Cost Per Page

As pointed out here several times, any self-respecting high-volume printer provides a low cost per page or CPP. It really could mean the difference of hundreds, even thousands of dollars over the life of the printer. If I’ve said it once, I’ve said, “how much the printer costs to use is much more important economically than how much it costs to buy,” I've said it thousands of times.

HP offers three different sets of four (cyan, magenta, yellow, and black, or CMYK, “process” colors), ink cartridges for this printer: standard-yield, high-yield, and extra-high-yield. You’d think that the extra-high-yield tanks would perform the best economically, wouldn't you? Well, not in this case. Here, you actually pay more per page with the larger, more-expensive tanks. Let’s start with the standard-yield tanks first, though.

The standard-yield black cartridge sells at hp.com for $69.99 and it’s good for, according to HP, about 3,500 black-and-white pages. The three color tanks sell for $79.99 each and they, combined with the black ink tank, hold about 2,800 color pages.

Using these numbers, the monochrome CPP comes out to about 2 cents and the color CPP is 10.7 cents.

Not great, but passable for standard-yield tanks. If you plan to push this printer to its limits, though, (it has an 80,000-sheet monthly duty cycle, which is the number of pages HP says you can safely push through it each month), those numbers will cost you way more than if you opt for the high-yield tanks. The black high-yield cartridge sells for $79.99 and it’s rated at 10,000 pages, while the color cartridges cost $135.99 each and they’re rated for 7,000 pages between them and the black tank.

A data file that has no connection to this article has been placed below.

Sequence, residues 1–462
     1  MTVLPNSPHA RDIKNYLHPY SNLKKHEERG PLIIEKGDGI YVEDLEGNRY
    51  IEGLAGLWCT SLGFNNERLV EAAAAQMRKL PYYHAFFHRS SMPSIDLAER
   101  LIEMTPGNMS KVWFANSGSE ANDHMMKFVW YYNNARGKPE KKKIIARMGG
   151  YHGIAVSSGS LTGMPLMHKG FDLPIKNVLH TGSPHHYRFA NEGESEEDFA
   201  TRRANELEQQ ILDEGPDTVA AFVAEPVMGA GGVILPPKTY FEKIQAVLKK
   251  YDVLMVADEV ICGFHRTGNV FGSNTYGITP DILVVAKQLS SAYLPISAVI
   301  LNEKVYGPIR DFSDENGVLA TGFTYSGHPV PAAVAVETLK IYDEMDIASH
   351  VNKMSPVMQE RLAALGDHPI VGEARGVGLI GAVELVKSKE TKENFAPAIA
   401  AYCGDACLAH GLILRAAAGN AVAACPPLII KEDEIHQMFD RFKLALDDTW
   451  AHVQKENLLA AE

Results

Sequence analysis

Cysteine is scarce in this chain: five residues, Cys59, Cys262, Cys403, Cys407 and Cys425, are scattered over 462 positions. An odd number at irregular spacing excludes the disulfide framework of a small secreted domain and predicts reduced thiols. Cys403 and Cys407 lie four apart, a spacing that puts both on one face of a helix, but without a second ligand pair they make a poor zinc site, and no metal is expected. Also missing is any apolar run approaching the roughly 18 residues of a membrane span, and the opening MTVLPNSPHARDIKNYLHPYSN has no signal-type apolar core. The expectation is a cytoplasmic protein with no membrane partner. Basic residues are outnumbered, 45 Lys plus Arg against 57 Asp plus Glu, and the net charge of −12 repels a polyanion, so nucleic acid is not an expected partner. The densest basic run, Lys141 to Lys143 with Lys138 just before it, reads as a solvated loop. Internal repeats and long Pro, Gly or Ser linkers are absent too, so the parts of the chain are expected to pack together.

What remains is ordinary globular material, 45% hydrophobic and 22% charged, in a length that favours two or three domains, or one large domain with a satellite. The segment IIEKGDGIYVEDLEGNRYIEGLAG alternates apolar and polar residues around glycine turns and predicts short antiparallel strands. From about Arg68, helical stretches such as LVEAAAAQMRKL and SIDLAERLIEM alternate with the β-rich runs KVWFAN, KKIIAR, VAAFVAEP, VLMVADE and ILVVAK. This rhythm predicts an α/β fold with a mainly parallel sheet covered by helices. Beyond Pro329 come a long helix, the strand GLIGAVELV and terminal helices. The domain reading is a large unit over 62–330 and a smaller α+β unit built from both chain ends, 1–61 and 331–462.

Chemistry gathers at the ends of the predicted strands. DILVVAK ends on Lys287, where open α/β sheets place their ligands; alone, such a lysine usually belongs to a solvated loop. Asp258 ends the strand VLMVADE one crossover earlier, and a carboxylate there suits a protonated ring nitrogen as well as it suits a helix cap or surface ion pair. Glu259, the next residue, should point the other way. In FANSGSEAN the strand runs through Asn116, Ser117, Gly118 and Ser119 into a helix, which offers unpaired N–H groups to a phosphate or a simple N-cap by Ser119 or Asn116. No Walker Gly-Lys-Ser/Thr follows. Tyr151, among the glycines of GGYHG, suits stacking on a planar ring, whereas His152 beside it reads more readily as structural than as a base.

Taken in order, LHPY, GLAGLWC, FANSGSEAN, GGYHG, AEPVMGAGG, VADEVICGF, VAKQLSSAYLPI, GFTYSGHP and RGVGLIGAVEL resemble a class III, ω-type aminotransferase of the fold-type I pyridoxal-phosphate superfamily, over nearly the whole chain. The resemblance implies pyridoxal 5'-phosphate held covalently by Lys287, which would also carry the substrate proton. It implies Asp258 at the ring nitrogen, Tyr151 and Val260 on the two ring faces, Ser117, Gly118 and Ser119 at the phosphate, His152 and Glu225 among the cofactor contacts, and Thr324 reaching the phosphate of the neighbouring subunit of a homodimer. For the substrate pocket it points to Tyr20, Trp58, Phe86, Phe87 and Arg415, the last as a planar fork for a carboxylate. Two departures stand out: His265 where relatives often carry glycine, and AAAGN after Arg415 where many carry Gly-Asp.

Using these numbers, the 552dw will deliver a black-and-white CPP of 0.008 or eight-tenths of a cent, and color pages run about 6.5 cents. These are great CPPs, some of the best in the business.

Which brings us to the extra-high tanks. To replace them all it would cost you about $940 (more than $200 beyond the cost of this printer), and they deliver CPPs of 1.3 cents for monochrome pages and 6.7 cents for color.

Keep in mind that for every 30,000 pages you print at 0.5 cents more per page or 1.3 cents versus 0.008, it will cost you an additional $150. Printing 30K pages every month, then, will cost you $1,800 each year… You get the picture—that’s more than enough to buy this printer several times.

The bottom line on this printer is, if you need a high-volume workhorse, this could very well be it.